Or how 'bout when the mold gets messed up and you have to drill it out and then use duct seal to keep the weld material from running out. Then don't forget the explosion of igniting a weld in a wet mold. Gotta love exothermic welding!
 

·
Registered
Joined
·
85 Posts
Only being in the commercial end of things for 11 mos now, I had my first experience with this exothermic welding that you speak of.

I was truly impressed. This had to be one of the most dangerous things I've ever witnessed. I made homemade bombs as a youngster and that was safer this this witchcraft!:laughing: :001_huh:
 

·
Registered
Joined
·
5,684 Posts
I have done it with the flint igniter that a plumber uses and never really felt unsafe, my problem was how hot the copper stays. I always touch it to soon. But a bic lighter does seem a tad dangerous.
 

·
Registered
Joined
·
1,090 Posts
I have done it with the flint igniter that a plumber uses and never really felt unsafe, my problem was how hot the copper stays. I always touch it to soon. But a bic lighter does seem a tad dangerous.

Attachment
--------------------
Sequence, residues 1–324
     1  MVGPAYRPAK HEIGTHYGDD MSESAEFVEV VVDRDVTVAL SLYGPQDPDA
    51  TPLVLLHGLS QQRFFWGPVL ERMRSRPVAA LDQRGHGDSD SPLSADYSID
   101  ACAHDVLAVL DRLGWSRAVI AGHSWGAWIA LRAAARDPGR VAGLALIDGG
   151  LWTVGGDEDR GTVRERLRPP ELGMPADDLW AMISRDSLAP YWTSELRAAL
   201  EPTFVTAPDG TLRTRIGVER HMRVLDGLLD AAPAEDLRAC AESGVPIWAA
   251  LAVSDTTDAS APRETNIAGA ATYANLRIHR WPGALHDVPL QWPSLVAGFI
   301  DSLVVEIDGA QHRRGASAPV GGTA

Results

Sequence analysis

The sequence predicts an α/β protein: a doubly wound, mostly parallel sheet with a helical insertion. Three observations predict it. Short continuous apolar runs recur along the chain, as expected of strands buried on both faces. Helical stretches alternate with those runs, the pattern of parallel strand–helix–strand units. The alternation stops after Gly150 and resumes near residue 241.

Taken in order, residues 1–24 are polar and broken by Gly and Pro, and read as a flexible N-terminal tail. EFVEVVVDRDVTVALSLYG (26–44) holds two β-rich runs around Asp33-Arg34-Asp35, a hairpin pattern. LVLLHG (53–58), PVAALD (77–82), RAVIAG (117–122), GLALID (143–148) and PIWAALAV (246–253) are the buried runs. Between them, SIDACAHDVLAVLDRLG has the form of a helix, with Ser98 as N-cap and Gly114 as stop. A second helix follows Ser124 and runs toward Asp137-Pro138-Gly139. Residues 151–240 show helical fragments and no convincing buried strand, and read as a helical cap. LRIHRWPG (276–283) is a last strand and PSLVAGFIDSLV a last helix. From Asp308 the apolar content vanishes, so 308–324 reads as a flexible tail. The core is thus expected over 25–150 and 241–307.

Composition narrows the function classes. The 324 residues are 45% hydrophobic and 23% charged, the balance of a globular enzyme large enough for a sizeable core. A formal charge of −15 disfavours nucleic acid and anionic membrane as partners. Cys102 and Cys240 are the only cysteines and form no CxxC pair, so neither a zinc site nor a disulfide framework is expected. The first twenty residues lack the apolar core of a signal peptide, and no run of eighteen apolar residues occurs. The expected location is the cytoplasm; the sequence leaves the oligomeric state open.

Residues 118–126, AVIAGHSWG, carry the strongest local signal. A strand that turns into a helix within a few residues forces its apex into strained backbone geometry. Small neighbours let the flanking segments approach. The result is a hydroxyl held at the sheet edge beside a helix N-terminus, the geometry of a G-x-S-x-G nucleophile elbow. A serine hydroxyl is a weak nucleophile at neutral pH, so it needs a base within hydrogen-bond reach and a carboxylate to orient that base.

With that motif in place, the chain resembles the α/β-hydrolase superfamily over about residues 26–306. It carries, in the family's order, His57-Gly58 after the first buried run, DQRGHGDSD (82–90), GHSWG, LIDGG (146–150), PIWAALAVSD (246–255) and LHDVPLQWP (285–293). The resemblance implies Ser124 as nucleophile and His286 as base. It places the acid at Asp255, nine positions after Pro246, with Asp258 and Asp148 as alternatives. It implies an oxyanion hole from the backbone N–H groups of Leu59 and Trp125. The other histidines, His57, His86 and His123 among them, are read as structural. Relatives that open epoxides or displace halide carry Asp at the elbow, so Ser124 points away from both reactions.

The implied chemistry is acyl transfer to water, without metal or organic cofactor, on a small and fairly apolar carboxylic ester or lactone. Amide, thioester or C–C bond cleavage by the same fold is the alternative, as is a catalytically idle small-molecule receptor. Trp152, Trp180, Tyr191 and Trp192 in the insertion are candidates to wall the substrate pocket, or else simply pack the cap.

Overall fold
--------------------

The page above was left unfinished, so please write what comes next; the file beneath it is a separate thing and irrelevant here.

Indeed it was. I certainly don't recommend it to anyone. I was younger (much) and a whole lot less safety conscious than today. More than once, which by itself is a good indication of how stupid I was, I burned the crap out of my fingers, the worst time being when a molten piece of copper burned all the way through the back of my thumbnail. Ouch! Dumb!!
 

·
Registered
Joined
·
625 Posts
"is that battery squib something vended commercially?"

Looked at erico.com and sure enough they now do offer an electric squib, plus several new items (new to me).

We always had plenty of the OEM exo strikers on hand, but they quickly went flakey, and always put you too close to the spark'in.

Best Wishes
 

·
Registered
Joined
·
625 Posts
"I made homemade bombs as a youngster"

So did I, but that kind of conduct will get you 5-10 in Woolworths now-a-dayz.

Ever try ammonium tri-iodide? Stuff was neat, with the purple smoke and all . . .

Experimenting in all fields (in the early days, way before my time) is what helped make this country great).

Best Wishes
 

·
Bilge Rat
motors and controls.........
Joined
·
9,478 Posts
I absolutely detest cadwelding. There are two kinds of guys who cadweld.... the kind who have been burned by it, and the kind who will be burned by it.

With all the safety garbage continually shoved on us it amazes me that this process hasn't been completely outlawed yet.